Car sharing: who can I give lifts to?

The government guidelines on this are clear. You should not share your car with anyone other than a member of your household. This will help massively slow the spread of the virus. So, if you're still working on-site, and your employer is pressuring you to car-share in this situation, you should be clear about this.

However, if there are no other choices (you're a key worker), and there are no viable public transport alternatives, please consider all social distancing rules. At the very least, sit your passenger in the rear of the car, and thoroughly clean all surfaces before and after getting in or out.

What to do if your car runs out of MoT or needs servicing?

>> Read more: MoT rules during the COVID-19 pandemic

Think about your car MoT and servicing

If your car runs out of MoT while it's out of action for any amount of time, there's a six-month exemption to the test from 30 March effective for 12 months, which will help key workers remain mobile. Chris Price, Head of MoT policy at the DVSA, confirmed that requirements relating to vehicle use and testing are currently under review in light of COVID-19.

He said: 'Our priority is helping everyone keep their vehicle safe to drive, but drivers in self-isolation should not take their vehicle to be tested.'

The Driver and Vehicle Standards Agency has confirmed that MoT tests are still going ahead amid the coronavirus lockdown until 30 March. All tests will still take place even though the government is trying to minimise social contact and coronavirus transmission risks.

If it needs servicing, again, some car service centres are still open for business, but are prioritising key workers. As per our earlier advice, please clean the car thoroughly and remain distant from any delivery driver to help prevent the transmission of Coronavirus (COVID-19).

If none of those options are available then you'll need to leave parked off-road or in a garage, and make an application to SORN (below) your vehicle before applying for an MoT test when you are able to. It's legal to drive a car without a valid MoT to a pre-arranged MoT appointment.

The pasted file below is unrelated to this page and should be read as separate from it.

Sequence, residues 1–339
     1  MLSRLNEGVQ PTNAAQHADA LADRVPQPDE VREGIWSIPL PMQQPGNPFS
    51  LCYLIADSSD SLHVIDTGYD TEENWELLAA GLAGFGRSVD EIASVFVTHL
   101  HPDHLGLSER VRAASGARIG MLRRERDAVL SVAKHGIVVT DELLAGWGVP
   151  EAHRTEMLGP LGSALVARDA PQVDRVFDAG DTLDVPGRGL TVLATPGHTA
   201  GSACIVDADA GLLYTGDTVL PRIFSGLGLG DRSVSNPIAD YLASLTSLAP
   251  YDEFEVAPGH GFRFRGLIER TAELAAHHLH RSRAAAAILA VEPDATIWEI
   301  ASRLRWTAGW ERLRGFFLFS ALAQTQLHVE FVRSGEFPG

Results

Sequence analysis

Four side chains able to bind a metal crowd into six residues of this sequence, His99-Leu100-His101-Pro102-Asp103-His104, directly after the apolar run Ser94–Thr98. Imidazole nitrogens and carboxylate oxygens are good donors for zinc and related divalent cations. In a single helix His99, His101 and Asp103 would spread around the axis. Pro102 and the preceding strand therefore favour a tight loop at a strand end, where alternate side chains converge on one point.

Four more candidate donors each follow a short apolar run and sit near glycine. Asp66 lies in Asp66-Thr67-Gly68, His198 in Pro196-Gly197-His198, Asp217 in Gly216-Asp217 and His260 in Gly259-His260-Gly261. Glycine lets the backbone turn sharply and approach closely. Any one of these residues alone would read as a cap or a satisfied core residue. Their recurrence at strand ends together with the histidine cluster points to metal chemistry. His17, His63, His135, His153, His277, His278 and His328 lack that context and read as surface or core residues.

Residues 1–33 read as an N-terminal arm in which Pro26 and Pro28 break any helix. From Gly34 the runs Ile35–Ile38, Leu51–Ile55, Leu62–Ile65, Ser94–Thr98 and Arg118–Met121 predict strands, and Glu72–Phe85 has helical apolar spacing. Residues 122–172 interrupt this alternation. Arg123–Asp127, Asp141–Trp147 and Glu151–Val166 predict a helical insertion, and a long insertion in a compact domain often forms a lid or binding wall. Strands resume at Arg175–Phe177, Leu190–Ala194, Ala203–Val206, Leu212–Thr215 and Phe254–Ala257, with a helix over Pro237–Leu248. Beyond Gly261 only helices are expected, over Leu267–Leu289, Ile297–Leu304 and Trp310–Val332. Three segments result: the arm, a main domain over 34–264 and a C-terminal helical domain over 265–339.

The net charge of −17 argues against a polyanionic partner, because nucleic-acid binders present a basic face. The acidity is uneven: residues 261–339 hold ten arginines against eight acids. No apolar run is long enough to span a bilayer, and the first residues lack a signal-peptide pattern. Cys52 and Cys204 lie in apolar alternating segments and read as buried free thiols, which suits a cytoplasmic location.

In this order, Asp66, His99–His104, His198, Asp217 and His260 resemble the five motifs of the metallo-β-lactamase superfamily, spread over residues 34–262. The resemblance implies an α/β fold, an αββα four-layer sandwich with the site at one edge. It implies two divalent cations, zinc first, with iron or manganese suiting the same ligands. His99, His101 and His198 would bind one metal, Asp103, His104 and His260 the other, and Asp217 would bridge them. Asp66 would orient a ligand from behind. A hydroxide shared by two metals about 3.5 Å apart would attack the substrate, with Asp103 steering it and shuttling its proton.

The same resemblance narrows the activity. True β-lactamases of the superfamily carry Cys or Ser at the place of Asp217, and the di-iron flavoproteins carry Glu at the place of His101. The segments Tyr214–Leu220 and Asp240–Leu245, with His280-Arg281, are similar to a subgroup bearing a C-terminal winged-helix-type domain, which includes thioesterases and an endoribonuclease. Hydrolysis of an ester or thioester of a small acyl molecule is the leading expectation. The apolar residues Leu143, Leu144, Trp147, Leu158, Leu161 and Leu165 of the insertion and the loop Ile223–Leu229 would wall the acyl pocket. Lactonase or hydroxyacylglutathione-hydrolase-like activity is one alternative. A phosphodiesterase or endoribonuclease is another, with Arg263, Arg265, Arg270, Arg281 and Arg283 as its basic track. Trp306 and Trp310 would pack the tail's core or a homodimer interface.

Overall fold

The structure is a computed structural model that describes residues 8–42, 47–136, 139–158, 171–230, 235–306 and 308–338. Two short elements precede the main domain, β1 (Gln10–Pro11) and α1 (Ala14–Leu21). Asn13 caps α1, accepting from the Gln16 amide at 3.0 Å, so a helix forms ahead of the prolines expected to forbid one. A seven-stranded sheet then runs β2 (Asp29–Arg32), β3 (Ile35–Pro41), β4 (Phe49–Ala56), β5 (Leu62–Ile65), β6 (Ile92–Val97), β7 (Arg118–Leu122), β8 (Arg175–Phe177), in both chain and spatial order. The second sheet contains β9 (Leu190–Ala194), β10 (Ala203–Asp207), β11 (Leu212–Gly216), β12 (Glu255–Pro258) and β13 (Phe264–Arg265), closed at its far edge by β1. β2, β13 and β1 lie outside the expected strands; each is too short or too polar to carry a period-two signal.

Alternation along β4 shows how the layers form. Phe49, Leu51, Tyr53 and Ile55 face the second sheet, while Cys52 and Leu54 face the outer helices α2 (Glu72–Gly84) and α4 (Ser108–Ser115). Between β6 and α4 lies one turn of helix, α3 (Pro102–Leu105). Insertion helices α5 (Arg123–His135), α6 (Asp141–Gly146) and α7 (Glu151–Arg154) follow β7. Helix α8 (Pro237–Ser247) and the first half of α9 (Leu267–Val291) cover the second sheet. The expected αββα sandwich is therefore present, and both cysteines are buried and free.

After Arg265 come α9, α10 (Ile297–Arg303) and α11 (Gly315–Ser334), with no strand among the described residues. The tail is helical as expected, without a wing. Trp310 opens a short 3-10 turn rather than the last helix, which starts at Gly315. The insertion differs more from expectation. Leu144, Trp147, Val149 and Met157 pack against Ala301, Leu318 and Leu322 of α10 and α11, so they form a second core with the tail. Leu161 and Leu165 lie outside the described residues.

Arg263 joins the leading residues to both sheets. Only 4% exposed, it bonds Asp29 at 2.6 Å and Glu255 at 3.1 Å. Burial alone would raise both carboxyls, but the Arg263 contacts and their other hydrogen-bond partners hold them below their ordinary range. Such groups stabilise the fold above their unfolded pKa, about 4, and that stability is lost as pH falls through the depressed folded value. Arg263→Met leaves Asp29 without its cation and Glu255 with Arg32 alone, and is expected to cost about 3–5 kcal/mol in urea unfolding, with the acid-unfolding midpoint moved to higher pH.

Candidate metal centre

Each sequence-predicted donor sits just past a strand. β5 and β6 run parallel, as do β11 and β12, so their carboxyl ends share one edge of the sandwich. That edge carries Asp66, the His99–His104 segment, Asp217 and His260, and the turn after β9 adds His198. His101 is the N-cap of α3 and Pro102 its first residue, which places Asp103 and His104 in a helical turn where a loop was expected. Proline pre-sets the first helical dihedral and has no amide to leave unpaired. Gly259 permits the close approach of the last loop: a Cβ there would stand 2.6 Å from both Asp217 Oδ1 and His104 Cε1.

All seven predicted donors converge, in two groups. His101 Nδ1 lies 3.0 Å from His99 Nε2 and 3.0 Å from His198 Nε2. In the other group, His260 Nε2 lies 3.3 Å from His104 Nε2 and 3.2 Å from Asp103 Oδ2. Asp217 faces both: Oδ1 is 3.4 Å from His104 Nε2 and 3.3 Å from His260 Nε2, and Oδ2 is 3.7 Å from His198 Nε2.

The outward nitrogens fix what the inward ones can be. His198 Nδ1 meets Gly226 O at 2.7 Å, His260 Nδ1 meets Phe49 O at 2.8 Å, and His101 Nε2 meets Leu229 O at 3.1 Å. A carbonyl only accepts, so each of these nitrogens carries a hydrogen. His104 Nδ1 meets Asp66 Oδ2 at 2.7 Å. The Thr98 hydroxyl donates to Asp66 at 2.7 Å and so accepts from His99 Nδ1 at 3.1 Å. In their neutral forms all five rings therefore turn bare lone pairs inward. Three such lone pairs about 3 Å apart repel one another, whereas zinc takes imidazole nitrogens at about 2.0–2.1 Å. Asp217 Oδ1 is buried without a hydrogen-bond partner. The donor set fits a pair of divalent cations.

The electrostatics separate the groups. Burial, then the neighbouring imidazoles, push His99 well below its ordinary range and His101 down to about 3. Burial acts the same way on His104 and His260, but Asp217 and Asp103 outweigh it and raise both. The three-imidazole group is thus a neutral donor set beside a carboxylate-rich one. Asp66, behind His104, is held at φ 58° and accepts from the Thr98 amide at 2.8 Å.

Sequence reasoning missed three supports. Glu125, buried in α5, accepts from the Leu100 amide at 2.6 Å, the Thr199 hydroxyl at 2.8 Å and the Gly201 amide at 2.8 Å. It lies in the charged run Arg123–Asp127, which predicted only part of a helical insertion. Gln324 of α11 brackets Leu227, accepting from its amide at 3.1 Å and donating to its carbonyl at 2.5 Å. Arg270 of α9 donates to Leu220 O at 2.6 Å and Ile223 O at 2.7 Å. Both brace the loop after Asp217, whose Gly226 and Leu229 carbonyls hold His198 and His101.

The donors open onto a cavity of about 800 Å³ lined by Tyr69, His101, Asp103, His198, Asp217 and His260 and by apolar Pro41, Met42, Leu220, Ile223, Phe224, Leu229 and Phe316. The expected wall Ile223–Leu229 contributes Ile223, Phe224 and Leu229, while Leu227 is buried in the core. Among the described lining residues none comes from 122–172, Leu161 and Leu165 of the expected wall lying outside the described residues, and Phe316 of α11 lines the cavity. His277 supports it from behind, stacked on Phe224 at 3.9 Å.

Is your warranty still valid if you're late for a service?

Yes. Every car manufacturer we've spoken to so far has confirmed that they will honour any warranty on a car that's been serviced late due to the Coronavirus (COVID-19) pandemicas long as you treat it as a delay to service, rather than a reason to skip one. Many carmakers are stipulating a mileage cap or that you need to book a service in their system, though.

>> Read more: Warranty advice during the pandemic

Can you take your car off-road and stop paying car tax?

Yes, you can declare a car SORN, and save money. These days, telling the DVLA (Driver and Vehicle Licencing Agency) that you're not going to be using your car and don't need it taxed is easy. You can do it online, which means you don't have to worry about car tax when you're at home.

You can renew your car tax if you're still using it, or tell the DVLA (Driver and Vehicle Licence Agency) your car is off-road by declaring a Statutory Off Road Notice (SORN) by visiting the DVLA’s Vehicle Licensing website. It's a free service and can be done 24 hours a day.

There's a page to declare your car SORN on the DVLA website, and we recommend using this if you know you are going to have your car off the road for any period of time. It takes seconds, and will mean you avoid paying fines for having an untaxed car.